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Never again
by Thanos Kalamidas
2007-01-28 11:22:27
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It is over twenty years since I went there and I feel so embarrassed thinking about it. I feel embarrassed because I am a human, a member of the human race, the very same race with those who build that place. It is over twenty years and I’m nearly 50-years-old myself, but while thinking how to write this I felt tears in my eyes when pictures, like an old black and white film, started torturing my mind.

Black and white film was the correct description; there is no colour in Auschwitz. I was scared from the minute I found myself in that small Polish city; I was terrified when I saw the train rails that led to the camp and I was in tears when I stood under the gate that said, with metal letters: "Arbeit Macht Frei" - the word 'freedom' had turned inside my heart like a burning cross.

ovi magazine - holocaustI’m not a Jew, but it didn’t matter because for that day I was a Jew; I’m not a Roma, a Pole, a gay or a communist, but that day I was all that. I crossed the gate and I was inside the camp. I was not alone; there were another 20 visitors at the same time entering the camp with me. Nobody said anything, I doubt if anybody could breathe. The guide showed us the place where the band was playing classical music to pacify the new inmates.

We walked to the Crematory. We saw the gas chambers and iron body carts; I was shaken. Inside Block 4, we saw the inmates’ clothing, the well-known striped clothes and it was as if they were reflecting on my clothes. In the glass panel we saw the thousands of shoes and the glasses. There was an example of a fabric made from women’s hair! I had to step out; I was sick!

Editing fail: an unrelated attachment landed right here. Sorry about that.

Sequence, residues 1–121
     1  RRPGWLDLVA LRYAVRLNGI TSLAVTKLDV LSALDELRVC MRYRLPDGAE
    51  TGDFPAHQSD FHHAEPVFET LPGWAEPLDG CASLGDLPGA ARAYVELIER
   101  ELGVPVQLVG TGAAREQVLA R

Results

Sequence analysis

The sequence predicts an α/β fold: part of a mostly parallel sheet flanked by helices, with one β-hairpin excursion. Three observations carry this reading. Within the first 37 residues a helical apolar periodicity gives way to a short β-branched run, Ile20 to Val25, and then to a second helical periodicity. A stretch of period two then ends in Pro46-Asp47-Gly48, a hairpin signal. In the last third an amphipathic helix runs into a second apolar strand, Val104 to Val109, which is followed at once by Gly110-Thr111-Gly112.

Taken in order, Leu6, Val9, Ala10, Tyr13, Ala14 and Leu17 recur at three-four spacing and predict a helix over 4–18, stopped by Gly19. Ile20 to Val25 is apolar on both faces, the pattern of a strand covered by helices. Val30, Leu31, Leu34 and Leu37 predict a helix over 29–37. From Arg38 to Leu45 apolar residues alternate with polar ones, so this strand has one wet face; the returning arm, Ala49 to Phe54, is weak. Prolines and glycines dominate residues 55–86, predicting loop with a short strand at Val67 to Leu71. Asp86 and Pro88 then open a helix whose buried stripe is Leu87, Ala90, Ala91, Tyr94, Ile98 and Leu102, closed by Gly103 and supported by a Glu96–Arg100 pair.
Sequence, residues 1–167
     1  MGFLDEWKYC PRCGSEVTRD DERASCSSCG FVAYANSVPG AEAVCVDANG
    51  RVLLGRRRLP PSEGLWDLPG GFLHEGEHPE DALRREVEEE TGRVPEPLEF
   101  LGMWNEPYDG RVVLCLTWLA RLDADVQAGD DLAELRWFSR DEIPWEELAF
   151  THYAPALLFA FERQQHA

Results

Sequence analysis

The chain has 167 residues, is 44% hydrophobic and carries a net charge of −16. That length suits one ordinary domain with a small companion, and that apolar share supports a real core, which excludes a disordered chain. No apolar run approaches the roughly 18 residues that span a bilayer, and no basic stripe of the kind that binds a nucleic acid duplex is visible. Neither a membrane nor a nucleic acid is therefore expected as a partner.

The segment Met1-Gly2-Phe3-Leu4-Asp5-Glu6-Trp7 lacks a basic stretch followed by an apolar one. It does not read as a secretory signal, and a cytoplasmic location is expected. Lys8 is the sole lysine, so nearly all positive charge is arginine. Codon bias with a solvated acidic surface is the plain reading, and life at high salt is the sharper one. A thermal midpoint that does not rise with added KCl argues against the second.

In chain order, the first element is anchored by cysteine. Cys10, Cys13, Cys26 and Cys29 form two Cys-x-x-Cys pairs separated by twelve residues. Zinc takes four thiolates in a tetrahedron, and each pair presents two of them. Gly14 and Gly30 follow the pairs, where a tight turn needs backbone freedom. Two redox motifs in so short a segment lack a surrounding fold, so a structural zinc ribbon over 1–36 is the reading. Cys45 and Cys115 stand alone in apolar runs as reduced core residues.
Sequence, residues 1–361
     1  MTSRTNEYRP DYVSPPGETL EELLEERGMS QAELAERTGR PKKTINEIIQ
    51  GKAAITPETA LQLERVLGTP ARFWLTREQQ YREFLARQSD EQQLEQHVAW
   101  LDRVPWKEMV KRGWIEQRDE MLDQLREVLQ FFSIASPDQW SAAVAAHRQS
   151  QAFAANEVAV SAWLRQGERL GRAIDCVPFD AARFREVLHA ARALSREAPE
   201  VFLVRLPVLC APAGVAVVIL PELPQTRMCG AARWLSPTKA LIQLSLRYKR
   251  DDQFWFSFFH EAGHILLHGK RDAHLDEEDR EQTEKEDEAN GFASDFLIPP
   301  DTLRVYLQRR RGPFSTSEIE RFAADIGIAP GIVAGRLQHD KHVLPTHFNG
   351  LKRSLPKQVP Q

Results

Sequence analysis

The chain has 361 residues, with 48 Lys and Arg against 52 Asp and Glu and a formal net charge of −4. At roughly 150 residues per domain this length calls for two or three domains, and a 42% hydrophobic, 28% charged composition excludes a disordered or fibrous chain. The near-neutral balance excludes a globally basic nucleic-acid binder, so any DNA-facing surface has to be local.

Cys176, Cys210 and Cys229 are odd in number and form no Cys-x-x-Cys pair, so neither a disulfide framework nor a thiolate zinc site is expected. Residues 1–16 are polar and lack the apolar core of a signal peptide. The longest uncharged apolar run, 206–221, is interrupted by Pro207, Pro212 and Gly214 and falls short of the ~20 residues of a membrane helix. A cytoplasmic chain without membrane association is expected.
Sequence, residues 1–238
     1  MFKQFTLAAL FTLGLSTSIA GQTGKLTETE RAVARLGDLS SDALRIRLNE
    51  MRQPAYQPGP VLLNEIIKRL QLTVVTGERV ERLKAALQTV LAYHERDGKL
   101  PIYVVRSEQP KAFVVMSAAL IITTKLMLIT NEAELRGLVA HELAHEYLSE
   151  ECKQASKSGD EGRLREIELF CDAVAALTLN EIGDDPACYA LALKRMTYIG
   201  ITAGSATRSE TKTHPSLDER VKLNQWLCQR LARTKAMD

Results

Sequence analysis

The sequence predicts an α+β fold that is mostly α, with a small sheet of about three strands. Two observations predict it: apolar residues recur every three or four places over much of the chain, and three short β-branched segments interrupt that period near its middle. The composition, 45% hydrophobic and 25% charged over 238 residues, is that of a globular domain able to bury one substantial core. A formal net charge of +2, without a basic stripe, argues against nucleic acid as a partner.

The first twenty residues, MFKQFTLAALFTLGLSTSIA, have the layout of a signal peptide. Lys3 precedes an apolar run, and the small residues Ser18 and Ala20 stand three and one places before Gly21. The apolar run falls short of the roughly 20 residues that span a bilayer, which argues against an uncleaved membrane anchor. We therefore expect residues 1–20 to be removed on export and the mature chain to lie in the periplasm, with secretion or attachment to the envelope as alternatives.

Then Auschwitz II – Birkenau; the station. You might have seen it in films. Nothing compared to reality. You feel the screaming, the tears, and the pain in the underground undressing room, the gas chambers and the furnace room. A woman in our group left. She just couldn’t see anymore. Her mother had died in there!

Walking through the wooden barracks somebody said that the nature around was beautiful, there were trees and grass. Sorry I could not see it. A grey fog had covered everything around me. I remembered something somebody I don’t remember has said: “They expected the worst – they did not expect the unthinkable,” I was standing in front of the unthinkable.

I found myself praying for many years, I was praying for forgiveness. I’m not a German, definitely not a Nazi and I hadn’t even been born when all that happened, but I needed to pray because I felt guilty, because I am a human and fellow humans had committed that crime.

Block 10, the execution wall, this is where they were executing humanity day after day. It is over twenty years since that visit to Auschwitz and I found it so difficult to write about it. Twenty years after and I still felt the tears in my eyes and I’m still thinking, "God, forgive us and never, never let it happen again!"

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Sand2007-01-27 14:38:55
The Nazi concentration camps still combine the traditional German efficiency with a total lack of compassion as one of the ultimate examples of human depravity. If it stood alone in history it would be a prime horror. But examples from the USSR, Communist China,the Kymer Rouge, Jugoslavia, Rwanda, the Congo, Biafra, Armenia, and current situations in the Middle East and Darfur make a mockery of the phrase "Never again".

by2007-01-27 19:38:00
In the aura of history, a step into the black hole of torture and the “unthinkable”, one cannot help but feel the sorrow seep into every fiber of one’s soul.

Thanos, what you felt was also the grip of guilt for all of humanity. Those that care, share your tears.

Yet, even tears cannot cleanse the horror of humanity. --- And we only await the next…

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